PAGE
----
What we choose to consume and put into our digestive system, directly impacts gut health and health outcomes.
ü You are what you digest
ü You are what you absorb
ü You are what you don’t excrete
A healthy digestive system or healthy gut should be able to digest foods, absorb nutrients and effectively excrete wastes from the body.
How does our gut or digestive system impact health outcomes?
Many people aren’t aware that 70% of our immune system resides in our gut or digestive system (DS), and the collection of immune cells in the gut wall forms part of the first line of defence against ingested pathogens. The majority of these white blood cells are in the intestines, which is where absorption occurs, so as a result, this area is constantly being challenged by pathogens.
Our gastrointestinal tract (GIT) contains up to 100 million neurons or nerve cells. They have been termed the ‘brain of the gut’. These nerves are part of either the parasympathetic (rest and digest) or sympathetic (fight or flight) nervous system.
The parasympathetic nervous system is active during times of rest, whilst the sympathetic becomes active under times of stress. Why is this relevant for gut health? Our parasympathetic nervous system activity increases muscular activity in the GIT and encourages digestion, whilst sympathetic stimulation stops GIT contraction because the body is busy focusing on dealing with ‘fight or flight’ mode, effectively saving life, de-focusing non-priority body systems. This, in turn, compromises digestion and causes symptoms such as gas and bloating during times of chronic stress.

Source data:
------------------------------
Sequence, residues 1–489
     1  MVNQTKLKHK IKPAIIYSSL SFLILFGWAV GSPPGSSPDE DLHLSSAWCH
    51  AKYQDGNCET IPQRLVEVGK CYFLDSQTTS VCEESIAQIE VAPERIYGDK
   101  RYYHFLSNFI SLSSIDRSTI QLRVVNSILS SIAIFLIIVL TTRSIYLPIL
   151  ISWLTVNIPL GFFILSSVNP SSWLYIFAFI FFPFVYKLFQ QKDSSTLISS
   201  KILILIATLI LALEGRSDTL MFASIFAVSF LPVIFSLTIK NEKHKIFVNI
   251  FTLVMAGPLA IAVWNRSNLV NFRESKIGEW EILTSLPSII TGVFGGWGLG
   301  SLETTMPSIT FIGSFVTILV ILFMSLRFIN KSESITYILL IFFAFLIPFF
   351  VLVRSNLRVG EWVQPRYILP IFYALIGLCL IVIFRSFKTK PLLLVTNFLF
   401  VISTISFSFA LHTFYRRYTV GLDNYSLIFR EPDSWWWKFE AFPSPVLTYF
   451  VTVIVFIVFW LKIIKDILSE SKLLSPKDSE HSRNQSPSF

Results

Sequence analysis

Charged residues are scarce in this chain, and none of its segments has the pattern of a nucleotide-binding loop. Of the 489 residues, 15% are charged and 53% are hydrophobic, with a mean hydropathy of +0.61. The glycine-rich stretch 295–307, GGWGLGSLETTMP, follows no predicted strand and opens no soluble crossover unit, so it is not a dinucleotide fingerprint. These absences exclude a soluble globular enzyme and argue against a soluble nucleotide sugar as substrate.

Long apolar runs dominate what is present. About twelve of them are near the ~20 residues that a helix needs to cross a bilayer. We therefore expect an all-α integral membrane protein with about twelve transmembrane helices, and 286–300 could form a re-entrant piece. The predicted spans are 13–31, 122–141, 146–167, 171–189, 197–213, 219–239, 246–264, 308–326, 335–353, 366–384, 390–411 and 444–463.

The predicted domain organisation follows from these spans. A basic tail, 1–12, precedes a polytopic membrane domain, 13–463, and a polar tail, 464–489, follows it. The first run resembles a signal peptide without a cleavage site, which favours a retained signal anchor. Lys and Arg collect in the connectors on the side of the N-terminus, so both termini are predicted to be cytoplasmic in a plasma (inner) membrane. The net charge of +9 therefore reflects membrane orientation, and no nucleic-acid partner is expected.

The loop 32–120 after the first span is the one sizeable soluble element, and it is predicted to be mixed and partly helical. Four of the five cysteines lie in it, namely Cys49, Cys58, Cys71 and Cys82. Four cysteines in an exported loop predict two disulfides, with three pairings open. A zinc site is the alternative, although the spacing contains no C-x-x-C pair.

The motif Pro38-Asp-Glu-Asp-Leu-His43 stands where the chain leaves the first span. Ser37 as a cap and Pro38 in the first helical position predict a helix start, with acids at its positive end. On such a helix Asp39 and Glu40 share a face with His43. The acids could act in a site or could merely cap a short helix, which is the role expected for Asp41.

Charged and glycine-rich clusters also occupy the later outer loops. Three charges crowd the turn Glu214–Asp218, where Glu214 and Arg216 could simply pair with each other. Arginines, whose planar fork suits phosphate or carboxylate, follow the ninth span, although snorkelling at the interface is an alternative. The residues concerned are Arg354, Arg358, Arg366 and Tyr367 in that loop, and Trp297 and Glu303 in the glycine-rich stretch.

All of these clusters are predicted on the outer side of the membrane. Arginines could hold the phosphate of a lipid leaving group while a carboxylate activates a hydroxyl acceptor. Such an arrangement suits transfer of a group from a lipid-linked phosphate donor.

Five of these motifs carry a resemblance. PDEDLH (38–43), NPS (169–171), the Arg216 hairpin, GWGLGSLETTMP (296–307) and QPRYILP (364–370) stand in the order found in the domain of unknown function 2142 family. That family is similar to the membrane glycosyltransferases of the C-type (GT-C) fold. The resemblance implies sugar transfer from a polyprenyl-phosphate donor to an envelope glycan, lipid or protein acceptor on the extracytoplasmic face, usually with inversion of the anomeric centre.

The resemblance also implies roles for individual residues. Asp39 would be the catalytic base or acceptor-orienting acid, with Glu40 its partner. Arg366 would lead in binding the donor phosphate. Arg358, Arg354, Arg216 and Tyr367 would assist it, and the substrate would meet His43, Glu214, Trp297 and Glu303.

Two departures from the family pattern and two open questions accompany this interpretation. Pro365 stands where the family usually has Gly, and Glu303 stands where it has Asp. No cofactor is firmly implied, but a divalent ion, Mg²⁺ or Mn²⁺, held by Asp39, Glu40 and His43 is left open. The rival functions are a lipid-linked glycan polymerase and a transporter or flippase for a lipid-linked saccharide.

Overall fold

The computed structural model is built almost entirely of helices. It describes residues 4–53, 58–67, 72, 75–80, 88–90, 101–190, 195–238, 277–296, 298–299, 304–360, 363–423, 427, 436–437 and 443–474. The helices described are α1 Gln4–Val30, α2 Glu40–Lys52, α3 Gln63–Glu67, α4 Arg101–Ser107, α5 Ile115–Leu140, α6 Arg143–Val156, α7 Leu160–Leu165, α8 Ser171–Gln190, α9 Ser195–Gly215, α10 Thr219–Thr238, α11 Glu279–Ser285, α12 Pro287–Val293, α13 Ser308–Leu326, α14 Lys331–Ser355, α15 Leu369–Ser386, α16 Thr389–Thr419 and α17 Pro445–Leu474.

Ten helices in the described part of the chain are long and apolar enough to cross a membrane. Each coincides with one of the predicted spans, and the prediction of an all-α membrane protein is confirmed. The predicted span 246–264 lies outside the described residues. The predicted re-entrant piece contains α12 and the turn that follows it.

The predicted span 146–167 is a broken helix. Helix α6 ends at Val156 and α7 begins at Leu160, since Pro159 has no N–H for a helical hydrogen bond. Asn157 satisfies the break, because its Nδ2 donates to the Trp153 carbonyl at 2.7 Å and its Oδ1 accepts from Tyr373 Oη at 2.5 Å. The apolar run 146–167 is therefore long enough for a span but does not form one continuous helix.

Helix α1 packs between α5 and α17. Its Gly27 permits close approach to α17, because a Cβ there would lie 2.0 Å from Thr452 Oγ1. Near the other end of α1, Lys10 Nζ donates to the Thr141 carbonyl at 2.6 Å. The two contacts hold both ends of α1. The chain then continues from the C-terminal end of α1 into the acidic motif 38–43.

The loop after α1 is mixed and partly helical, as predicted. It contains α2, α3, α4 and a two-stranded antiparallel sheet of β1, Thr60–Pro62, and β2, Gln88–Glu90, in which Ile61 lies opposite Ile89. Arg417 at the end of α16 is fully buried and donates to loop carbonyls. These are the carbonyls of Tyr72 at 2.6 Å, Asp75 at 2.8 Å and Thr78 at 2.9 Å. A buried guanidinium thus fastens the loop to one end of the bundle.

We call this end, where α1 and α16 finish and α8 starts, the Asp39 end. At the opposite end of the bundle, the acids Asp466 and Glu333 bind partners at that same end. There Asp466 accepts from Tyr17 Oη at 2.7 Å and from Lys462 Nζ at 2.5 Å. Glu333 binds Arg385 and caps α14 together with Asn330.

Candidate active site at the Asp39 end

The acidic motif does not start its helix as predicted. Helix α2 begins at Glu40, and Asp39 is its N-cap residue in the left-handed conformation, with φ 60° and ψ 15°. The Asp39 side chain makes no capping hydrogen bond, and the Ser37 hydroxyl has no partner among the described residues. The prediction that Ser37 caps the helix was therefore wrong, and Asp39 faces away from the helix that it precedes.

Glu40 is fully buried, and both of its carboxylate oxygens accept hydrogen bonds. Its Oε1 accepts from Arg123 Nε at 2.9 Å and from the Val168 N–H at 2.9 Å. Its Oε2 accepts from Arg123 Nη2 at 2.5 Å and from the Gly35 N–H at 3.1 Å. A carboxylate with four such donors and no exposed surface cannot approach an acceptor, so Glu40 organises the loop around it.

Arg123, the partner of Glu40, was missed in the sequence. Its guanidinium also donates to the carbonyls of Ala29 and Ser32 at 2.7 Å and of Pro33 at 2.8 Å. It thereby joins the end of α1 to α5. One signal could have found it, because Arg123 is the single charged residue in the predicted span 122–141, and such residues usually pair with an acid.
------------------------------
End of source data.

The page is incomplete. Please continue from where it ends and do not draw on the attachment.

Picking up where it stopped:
The large intestine contains more than 100 trillion bacteria or micro-flora which perform the following essential bodily functions:
- The final stages of nutrient extraction from carbohydrates
- The production of vitamins (e.g., the bacteria E. coli produces vitamin K, which is important for blood clotting)
- Preventing other bacteria from causing intestinal disease by blocking attachment sites
- The ongoing development of the immune system (white blood cells are said to be ‘learning’).
The term “gut microbiome” refers to microorganisms in your intestines. Each person has about 200 different species of bacteria, viruses, and fungi in their digestive tract.
Therefore, it is essential to maintain the health of the digestive system to support and enhance immunity.
The role of microorganisms in gut health
We know that there are some microorganisms that are harmful to our health, but the fact is that there are many that are incredibly beneficial and even necessary for a healthy gut, mind, and body.
We are learning a lot more about the gut microbiome, the role of certain foods and nutrients in helping to support the development of healthy gut bacteria, and that having a broad variety of gut bacteria may help to reduce the risk of developing chronic diseases, such as diabetes, arthritis, and inflammatory bowel disease.
It is an incredibly complex area, but recent studies show a link between gut health and mental health, autoimmune disease and the immune system, cardiovascular disease, cancer, and endocrine disorders.
How is the health of the digestive system impacted?
Our DS and gut health are directly impacted by what we choose to consume and put in our bodies.
There are various substances and lifestyle choices which negatively affect and damage the health of the gut:
-Junk and fast food
-Fizzy or sugary drinks
-Pro-inflammatory foods (e.g., dairy, sugar, gluten)
-Pesticides in/on food
-Heavy metal toxins
-Drugs, e.g., antibiotics (which destroy the healthy gut bacteria)
-Vaccine ingredients (e.g., aluminium and formaldehyde)
-Ongoing and consistently high-stress levels
-Not getting enough sleep
-Eating a Western diet typically high in processed and high sugar foods
Another interesting concept is that it is thought that infants are born with a sterile GIT, up until the infant ingests vaginal and faecal microflora at delivery/birth, which is further enhanced by breastfeeding, building the baby’s immunity.
Signs of an unhealthy gut